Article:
Xi’an’s Terracotta Army—influenced by the Greeks?

 

Terracotta Soldiers

By Peter Morgan from Nomadic – Detail, Terracotta Warriors, CC BY 2.0, https://commons.wikimedia.org/w/index.php?curid=2909770

A controversial new theory has arisen about Xi’an’s famous army of terracotta soldiers. I first saw them in 1981, only six years after they were discovered in a farmer’s field east of the city.

New research—and the results of a genetic study—hint that Western explorers may have reached China more than 1,500 years before Marco Polo. Some experts think ancient Greeks may have inspired and helped build China’s famous Terracotta Army.

The BBC reports that the new theory is based on evidence from excavations at the tomb of China’s First Emperor Qin Shi Huangdi, as well as the results of a genetic study. Read the full article here:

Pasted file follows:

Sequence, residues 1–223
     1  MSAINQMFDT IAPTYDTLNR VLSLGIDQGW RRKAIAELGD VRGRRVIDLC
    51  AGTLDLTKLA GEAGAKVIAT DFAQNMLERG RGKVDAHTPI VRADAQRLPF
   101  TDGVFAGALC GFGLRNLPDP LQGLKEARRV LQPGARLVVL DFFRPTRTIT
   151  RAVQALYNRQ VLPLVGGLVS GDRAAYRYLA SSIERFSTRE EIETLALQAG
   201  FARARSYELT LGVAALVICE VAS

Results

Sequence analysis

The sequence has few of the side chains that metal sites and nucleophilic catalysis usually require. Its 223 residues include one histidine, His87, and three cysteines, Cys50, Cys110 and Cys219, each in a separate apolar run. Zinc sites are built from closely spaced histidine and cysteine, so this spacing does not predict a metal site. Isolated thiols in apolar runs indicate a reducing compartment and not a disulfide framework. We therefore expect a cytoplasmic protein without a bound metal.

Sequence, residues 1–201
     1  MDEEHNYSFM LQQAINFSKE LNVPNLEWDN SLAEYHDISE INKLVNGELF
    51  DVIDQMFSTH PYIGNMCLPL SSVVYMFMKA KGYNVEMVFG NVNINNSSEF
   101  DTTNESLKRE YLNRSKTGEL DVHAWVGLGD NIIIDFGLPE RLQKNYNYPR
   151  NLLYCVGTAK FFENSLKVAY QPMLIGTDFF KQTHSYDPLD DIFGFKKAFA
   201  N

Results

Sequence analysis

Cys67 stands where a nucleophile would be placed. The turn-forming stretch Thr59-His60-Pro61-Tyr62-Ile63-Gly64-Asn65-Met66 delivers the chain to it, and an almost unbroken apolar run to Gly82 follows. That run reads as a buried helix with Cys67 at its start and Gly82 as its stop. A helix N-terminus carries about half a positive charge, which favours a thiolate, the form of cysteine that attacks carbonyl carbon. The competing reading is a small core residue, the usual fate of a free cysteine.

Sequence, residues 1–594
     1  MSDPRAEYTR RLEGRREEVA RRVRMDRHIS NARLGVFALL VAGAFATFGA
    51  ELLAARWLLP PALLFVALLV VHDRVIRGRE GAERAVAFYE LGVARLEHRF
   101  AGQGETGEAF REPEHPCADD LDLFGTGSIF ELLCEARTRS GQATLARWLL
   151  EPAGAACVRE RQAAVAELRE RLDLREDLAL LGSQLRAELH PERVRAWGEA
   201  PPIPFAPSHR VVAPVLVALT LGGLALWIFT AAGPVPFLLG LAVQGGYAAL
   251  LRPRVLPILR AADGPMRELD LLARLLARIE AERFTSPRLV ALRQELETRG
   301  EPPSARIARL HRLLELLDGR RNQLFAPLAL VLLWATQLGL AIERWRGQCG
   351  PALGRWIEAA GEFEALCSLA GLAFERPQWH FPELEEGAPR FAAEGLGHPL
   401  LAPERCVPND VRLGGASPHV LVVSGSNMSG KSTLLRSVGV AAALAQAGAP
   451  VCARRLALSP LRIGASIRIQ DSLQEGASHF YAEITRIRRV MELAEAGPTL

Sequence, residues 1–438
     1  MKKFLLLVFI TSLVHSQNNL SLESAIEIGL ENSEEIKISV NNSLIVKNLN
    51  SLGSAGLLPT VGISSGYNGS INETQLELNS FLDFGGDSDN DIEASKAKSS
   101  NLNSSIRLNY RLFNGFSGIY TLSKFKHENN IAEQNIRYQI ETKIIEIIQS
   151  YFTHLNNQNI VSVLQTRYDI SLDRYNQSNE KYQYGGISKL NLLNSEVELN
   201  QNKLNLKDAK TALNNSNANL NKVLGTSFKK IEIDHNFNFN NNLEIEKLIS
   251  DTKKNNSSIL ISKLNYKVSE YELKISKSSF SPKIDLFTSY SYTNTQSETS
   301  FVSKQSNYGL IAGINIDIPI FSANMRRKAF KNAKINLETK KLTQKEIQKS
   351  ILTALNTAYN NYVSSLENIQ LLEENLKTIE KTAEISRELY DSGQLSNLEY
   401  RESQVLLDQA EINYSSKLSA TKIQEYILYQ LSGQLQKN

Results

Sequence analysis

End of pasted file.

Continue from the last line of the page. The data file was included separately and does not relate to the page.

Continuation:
Did those who made the terracotta soldiers learn from Greek sculptors?

 

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One thought on “Xi’an’s Terracotta Army—influenced by the Greeks?

  1. Fascinating, Patti. Firstly, the presence of Caucasian mitochondrial DNA meant that women constituted part of the travelling team to the East, and that the “Beauty of Loulan” was not the progeny of a Caucasian male traveller and a Chinese woman. If nuclear DNA were to be analysed, then both the admixture of the genes and carbon dating would give a reasonably accurate time of first contact.

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